You don't sit there and remind yourself constantly that it's a fantasy. You put your disbelief in suspense and actually experience what's on the screen at a visceral level.

It's the engagement in violence on that level that makes the violence pornographic. Just as watching pornography gives a man an erection, watching violence makes one's heart beat faster and, for a time, makes the viewer a part of the violence. (Disbelief is suspended.)

Violence is not innocent and harmless entertainment. It's likely that the Aurora shooter was living a fantasy that was fostered by watching movies. Trivialize this at your peril.

Christopher in MA said...

it's that well to do's like Noonan have no stomach for fighting Hollywood.

The Hays Office is looking better and better all the time.

Culture wars are code for the conservative's desire for / reliance upon control as a way to shape behavior.

It's a wonder "conservatives" ever have a conversation at all, as apparently our entire language is nothing but code.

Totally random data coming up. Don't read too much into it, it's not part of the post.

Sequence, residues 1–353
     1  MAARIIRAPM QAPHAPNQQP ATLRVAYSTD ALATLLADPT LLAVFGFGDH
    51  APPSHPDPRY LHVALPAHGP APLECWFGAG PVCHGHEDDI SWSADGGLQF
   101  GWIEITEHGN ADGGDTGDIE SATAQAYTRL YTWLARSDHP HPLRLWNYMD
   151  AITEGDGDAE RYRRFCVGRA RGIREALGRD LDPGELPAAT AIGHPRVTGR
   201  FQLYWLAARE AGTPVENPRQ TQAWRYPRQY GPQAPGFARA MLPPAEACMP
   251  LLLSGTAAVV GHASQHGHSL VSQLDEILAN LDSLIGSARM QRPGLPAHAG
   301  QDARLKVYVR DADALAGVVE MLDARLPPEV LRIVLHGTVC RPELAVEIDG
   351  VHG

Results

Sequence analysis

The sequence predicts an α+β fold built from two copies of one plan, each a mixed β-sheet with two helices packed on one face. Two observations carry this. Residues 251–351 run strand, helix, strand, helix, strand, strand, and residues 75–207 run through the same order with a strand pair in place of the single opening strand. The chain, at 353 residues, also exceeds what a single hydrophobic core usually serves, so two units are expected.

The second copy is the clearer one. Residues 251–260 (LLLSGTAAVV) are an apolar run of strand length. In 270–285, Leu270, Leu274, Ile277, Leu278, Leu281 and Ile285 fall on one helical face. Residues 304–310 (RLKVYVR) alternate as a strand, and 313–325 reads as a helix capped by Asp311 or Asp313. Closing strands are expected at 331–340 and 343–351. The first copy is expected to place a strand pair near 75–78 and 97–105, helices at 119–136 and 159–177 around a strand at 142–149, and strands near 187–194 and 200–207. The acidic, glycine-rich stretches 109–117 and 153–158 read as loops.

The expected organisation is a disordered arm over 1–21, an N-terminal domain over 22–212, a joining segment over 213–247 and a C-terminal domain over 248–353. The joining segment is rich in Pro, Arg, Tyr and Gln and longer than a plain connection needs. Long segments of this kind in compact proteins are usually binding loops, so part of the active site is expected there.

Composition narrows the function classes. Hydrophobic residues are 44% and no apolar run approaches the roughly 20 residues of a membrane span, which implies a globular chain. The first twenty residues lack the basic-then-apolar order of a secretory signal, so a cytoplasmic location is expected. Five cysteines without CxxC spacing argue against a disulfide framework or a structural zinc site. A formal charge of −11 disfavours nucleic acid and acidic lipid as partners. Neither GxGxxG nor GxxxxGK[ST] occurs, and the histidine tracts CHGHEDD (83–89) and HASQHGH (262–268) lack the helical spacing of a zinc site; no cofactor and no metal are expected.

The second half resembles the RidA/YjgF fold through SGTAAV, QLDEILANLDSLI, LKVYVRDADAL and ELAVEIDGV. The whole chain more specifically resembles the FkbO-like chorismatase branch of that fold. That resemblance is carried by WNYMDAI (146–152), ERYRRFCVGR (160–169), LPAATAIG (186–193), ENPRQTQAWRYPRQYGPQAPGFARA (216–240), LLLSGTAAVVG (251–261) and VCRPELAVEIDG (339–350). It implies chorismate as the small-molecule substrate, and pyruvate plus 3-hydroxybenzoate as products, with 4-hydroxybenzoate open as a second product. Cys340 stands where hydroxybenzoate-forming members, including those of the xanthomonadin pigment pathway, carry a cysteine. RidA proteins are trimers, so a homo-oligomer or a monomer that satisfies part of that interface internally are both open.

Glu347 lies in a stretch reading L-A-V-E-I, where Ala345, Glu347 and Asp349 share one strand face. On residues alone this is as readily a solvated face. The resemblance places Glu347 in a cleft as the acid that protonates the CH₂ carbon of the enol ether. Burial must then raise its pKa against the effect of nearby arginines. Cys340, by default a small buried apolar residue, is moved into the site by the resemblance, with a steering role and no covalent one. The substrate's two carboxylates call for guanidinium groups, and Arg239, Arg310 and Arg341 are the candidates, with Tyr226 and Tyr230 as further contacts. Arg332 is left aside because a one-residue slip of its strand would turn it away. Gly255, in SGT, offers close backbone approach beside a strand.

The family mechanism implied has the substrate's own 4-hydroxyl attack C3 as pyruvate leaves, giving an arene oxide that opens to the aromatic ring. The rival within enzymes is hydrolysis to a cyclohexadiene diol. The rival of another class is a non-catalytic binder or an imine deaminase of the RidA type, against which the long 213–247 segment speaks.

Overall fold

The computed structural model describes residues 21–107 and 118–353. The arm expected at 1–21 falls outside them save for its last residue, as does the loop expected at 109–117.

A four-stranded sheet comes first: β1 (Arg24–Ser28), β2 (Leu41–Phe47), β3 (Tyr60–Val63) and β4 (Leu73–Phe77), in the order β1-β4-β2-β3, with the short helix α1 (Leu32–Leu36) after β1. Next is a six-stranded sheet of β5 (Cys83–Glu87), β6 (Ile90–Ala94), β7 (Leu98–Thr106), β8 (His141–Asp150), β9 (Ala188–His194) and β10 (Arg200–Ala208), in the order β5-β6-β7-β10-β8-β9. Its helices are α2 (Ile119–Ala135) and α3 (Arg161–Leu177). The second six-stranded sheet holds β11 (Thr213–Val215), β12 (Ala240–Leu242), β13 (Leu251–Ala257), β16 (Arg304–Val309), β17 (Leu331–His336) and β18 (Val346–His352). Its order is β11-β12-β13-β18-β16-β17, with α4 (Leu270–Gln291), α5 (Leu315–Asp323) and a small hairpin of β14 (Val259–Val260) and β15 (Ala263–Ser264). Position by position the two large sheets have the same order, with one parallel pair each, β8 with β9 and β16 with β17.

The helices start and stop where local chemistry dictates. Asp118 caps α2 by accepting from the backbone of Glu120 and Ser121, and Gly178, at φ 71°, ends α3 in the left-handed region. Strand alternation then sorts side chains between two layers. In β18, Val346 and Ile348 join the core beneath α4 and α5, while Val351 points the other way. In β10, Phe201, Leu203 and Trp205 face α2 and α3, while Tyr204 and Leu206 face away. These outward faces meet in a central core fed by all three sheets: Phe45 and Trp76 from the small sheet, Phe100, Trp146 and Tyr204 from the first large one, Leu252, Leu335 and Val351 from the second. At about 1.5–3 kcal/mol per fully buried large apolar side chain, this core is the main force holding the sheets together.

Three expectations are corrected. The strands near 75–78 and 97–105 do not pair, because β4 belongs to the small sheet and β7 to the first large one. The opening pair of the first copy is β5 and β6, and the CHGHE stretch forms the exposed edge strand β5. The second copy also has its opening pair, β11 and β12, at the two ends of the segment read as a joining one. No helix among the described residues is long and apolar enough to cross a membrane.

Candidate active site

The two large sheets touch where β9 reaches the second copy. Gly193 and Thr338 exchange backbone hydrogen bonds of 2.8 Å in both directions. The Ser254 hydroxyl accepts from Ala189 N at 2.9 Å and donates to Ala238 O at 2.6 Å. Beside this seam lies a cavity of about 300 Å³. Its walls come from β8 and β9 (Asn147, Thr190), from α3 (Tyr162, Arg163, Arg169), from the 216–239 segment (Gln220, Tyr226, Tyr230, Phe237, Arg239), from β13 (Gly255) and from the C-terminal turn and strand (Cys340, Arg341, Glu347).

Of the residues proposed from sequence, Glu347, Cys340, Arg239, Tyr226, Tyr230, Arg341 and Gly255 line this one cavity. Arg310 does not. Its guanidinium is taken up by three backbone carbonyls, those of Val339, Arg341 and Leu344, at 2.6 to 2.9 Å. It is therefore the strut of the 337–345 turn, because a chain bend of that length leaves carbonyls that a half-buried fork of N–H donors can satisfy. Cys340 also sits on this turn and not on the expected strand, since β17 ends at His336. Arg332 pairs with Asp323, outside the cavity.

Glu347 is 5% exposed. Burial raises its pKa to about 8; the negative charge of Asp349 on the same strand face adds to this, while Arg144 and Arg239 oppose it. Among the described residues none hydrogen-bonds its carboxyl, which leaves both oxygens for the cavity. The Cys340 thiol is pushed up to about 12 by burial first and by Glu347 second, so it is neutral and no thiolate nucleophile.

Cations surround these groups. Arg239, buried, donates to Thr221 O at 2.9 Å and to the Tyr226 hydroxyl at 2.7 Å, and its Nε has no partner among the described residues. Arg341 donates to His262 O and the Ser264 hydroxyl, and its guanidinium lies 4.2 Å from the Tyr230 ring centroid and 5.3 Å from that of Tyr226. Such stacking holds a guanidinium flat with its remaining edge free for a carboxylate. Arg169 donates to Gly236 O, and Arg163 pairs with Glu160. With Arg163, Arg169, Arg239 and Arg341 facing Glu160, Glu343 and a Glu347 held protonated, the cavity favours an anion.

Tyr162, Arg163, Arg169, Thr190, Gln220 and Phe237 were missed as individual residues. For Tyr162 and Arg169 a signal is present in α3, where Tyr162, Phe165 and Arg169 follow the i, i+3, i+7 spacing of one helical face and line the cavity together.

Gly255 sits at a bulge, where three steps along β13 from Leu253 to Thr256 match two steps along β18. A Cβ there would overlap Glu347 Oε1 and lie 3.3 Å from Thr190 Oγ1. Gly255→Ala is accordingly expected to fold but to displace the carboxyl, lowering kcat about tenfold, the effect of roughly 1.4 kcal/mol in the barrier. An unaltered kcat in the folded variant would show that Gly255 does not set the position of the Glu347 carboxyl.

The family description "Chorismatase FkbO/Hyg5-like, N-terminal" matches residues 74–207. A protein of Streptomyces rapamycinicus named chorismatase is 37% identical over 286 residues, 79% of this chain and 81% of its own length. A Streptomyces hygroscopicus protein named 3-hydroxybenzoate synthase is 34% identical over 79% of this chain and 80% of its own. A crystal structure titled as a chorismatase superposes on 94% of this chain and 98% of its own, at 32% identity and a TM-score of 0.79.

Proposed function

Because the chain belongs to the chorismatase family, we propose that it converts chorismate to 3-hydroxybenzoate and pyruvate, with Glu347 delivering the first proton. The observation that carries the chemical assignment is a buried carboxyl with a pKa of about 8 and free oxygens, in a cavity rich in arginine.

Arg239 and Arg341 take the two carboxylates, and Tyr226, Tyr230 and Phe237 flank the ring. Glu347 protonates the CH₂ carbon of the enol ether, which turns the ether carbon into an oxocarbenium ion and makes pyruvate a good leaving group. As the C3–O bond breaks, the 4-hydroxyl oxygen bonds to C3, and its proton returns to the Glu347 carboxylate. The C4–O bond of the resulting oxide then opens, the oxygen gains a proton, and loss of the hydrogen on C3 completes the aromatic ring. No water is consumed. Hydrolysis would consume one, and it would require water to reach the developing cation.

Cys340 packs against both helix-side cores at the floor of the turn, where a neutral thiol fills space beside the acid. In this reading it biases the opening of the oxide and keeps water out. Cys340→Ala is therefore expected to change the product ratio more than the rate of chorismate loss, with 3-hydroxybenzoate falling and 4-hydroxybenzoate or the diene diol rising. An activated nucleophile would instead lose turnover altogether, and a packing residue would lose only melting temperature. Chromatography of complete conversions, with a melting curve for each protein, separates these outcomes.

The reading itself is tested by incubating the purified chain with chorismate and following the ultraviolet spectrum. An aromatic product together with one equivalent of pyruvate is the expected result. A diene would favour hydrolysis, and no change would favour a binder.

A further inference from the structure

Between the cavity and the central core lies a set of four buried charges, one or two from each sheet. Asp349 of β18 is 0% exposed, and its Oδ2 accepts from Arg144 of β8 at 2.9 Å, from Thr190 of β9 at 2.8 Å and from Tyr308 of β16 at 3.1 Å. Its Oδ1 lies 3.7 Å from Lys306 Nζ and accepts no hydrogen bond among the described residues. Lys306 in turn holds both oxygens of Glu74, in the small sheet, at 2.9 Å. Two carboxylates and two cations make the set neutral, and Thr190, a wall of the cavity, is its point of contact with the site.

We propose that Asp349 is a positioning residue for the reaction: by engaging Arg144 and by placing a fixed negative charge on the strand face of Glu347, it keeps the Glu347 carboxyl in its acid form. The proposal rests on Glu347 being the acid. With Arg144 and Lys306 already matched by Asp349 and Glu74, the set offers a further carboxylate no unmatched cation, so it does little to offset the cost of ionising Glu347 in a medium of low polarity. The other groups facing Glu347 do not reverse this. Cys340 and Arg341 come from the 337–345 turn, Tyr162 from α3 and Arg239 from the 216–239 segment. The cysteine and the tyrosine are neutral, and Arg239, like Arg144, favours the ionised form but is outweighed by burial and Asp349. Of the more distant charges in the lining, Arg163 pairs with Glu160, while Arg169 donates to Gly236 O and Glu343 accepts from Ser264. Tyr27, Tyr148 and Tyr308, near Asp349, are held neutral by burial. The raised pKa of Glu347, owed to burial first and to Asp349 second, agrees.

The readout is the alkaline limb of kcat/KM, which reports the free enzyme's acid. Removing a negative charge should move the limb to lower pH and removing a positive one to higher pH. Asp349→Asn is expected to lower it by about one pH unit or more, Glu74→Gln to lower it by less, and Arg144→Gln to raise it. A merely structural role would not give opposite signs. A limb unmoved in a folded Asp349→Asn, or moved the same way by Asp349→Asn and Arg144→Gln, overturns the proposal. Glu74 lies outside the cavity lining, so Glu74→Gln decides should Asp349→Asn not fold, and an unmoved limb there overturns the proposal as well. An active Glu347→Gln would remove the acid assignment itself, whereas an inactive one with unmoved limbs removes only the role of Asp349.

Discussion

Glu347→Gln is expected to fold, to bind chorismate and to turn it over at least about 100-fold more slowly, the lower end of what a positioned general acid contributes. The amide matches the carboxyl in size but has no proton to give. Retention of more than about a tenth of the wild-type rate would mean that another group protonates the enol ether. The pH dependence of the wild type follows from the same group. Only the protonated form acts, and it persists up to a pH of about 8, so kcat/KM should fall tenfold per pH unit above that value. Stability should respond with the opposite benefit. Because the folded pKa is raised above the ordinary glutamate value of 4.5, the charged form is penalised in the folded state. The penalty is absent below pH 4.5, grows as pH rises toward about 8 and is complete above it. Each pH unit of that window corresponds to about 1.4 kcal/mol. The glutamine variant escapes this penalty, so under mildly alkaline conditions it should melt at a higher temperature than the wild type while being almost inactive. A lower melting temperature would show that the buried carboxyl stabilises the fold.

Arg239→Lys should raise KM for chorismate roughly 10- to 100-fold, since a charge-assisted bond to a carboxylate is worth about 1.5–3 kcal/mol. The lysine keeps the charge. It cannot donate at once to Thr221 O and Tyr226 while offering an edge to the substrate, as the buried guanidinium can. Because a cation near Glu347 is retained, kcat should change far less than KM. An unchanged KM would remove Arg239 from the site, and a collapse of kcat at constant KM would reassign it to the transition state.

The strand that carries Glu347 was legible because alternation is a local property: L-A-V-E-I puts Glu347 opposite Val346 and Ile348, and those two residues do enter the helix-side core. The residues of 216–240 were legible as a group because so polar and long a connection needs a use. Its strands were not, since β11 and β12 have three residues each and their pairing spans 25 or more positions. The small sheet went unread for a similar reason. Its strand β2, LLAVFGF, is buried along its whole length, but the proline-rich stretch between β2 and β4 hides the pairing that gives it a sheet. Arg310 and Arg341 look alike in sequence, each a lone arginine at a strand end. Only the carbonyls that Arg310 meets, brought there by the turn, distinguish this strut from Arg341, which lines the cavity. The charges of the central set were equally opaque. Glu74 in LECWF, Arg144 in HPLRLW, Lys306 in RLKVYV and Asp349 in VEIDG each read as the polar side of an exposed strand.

And YMMV, Ritmo, but I tend to find that people who imagine conservatives desire to "control" people often intersect with those who are convinced that 1950s America was a wasteland of repression, stultification and conformity.

Christopher in MA said...

Violence is not innocent and harmless entertainment.

At the risk of sounding exactly like the sort of person I criticized Q for being on the "fat" thread the other day. . .

I see no, absolutely no reason that celluloid abominations such as the Saw, Hostel or Final Destination series should be allowed to exist, let alone trash like the endless Chainsaw Massacre and Hills Have Eyes remakes.

Violence done and evil punished is an ancient trope. But violence simply for the sake of wallowing - I can't (if you'll forgive the expression) stomach it.

exhelodrvr1 said...

A certain subset of the population is susceptible to these problems, and the culture today, with the violent and pornographic entertainment that is available, provides much more potential to trigger those individuals. The family and religion cultural aspects that worked to offset these negative influences are decreasing in strength.

SomeoneHasToSayIt said...

Revenant said...